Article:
## Introduction

As a rule of thumb, every time you want to compare **ROC AUC** vs **F1 Score**, think about it as if you are comparing your model performance based on:

```
[Sensitivity vs (1-Specificity)] VS [Precision vs Recall]
```

Now we need to understand what are: Sensitivity, Specificity, Precision and Recall *intuitively*!

## Background

**Sensitivity:** is given by the following formula:

Intuitively speaking, if we have a 100% sensitive model, that means it did **NOT** miss any True Positive, in other words, there were **NO** False Negatives (*i.e. a positive result that is labeled as negative*). But there is a risk of having a lot of False Positives!

**Specificity:** is given by the following formula:

Intuitively speaking, if we have 100% specific model, that means it did **NOT** miss any True Negative, in other words, there were **NO** False Positives (*i.e. negative result that is labeled as positive*). But there is a risk of having a lot of False Negatives!

**Precision:** is given by the following formula:

Intuitively speaking, if we have a 100% precise model, that means it **could catch all** True positive but there were **NO** False Positive.

**Recall:** is given by the following formula:

Intuitively speaking, if we have a 100% recall model, that means it did **NOT** miss any True Positive, in other words, there were **NO** False Negatives (*i.e. a positive result that is labeled as negative*).

As you can see, the four concepts are very close to each other!

**As a rule of thumb,** if the cost of having False negative is high, we want to increase the model sensitivity and recall (*which are the exact same in regard to their formula*)!.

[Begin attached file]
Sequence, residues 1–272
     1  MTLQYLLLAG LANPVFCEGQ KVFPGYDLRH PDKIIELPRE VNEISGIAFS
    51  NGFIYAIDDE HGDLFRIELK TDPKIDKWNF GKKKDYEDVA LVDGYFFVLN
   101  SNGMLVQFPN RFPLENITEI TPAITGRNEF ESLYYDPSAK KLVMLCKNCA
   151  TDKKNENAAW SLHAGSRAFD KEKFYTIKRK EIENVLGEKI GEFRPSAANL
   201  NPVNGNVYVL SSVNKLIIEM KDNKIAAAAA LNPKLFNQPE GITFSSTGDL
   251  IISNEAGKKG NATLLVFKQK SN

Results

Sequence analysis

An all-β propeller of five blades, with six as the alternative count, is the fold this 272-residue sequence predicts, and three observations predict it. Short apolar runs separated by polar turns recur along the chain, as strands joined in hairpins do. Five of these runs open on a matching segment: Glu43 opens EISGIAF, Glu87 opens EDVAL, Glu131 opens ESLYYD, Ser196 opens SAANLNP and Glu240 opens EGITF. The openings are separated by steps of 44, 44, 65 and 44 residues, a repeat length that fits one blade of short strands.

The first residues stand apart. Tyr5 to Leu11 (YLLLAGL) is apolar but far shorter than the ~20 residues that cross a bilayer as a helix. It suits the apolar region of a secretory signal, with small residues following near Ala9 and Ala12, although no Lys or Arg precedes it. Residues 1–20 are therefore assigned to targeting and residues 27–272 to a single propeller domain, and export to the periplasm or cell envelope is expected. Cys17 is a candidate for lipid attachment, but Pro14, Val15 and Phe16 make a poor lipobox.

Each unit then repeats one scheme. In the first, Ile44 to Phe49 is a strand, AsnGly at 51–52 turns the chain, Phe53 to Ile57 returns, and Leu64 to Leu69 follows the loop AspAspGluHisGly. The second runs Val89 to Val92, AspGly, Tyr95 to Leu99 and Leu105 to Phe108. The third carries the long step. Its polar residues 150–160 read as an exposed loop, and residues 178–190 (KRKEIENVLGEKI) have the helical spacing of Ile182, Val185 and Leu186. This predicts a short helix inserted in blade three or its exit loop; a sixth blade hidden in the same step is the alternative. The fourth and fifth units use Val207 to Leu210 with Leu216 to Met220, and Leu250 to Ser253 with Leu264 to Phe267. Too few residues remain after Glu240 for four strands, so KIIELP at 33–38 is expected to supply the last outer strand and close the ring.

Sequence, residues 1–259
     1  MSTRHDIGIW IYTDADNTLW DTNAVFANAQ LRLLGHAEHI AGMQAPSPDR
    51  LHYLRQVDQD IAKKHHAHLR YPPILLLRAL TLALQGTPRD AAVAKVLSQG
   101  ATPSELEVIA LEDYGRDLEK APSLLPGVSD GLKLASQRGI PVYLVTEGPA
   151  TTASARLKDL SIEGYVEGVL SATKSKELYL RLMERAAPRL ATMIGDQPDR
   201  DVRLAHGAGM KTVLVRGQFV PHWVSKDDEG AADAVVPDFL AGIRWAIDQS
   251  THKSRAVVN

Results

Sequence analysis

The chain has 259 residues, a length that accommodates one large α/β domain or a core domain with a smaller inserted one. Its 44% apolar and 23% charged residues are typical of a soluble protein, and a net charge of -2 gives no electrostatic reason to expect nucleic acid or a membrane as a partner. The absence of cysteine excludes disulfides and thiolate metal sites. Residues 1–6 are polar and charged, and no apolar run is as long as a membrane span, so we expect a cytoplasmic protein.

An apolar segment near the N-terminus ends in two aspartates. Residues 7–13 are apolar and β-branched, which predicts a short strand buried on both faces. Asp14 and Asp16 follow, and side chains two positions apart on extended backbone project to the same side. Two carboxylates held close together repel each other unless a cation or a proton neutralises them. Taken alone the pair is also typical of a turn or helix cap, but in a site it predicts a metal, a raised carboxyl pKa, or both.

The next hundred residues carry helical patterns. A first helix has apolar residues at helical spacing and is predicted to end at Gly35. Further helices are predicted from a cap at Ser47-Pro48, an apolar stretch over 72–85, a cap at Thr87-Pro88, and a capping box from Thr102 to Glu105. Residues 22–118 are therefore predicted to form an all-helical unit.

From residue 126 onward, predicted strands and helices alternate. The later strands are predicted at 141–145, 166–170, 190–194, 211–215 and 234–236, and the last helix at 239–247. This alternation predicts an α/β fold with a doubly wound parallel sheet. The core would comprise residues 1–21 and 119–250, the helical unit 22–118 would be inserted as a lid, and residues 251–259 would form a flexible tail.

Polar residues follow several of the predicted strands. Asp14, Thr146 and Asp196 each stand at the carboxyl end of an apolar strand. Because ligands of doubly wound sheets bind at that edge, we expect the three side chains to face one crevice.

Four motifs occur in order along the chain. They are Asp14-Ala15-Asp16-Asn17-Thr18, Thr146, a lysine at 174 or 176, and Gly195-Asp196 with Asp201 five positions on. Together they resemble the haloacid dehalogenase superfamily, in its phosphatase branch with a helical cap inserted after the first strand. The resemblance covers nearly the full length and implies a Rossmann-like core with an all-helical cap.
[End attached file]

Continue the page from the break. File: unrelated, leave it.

For instance, in fraud detection or sick patient detection, we don't want to label/predict a fraudulent transaction (True Positive) as non-fraudulent (False Negative). Also, we don't want to label/predict a contagious sick patient (True Positive) as not sick (False Negative).

This is because the consequences will be worse than a False Positive (incorrectly labelling a a harmless transaction as fraudulent or a non-contagious patient as contagious).

On the other hand, if the cost of having False Positive is high, then we want to increase the model specificity and precision!.

For instance, in email spam detection, we don't want to label/predict a non-spam email (True Negative) as spam (False Positive). On the other hand, failing to label a spam email as spam (False Negative) is less costly.

## F1 Score

It's given by the following formula:

F1 Score keeps a **balance** between Precision and Recall. We use it if there is uneven class distribution, as precision and recall may give misleading results!

So we use F1 Score as a comparison indicator between Precision and Recall Numbers!

## Area Under the Receiver Operating Characteristic curve (AUROC)

It compares the Sensitivity vs (1-Specificity), in other words, compare the True Positive Rate vs False Positive Rate.

So, the bigger the AUROC, the greater the distinction between True Positives and True Negatives!

## AUROC vs F1 Score (Conclusion)

In general, the ROC is for many different levels of thresholds and thus it has many F score values. F1 score is applicable for any particular point on the ROC curve.

You may think of it as a measure of precision and recall at a particular threshold value whereas AUC is the area under the ROC curve. For F score to be high, both precision and recall should be high.

**Consequently**, when you have a data **imbalance** between positive and negative samples, you should always use F1-score because ROC **averages** over all possible thresholds!

Further read:

Credit Card Fraud: Handling highly imbalance classes and why Receiver Operating Characteristics Curve (ROC Curve) should not be used, and Precision/Recall curve should be preferred in highly imbalanced situations

## EDIT

I intentionally used both terms `Sensitivity`

and `Recall`

, although they are the exact same, just to emphasize on the fact that by convention as ML Engineers we more likely use the term `Recall`

, whereas Statisticians would more likely use the term `Sensitivity`

to refer to the same exact measure.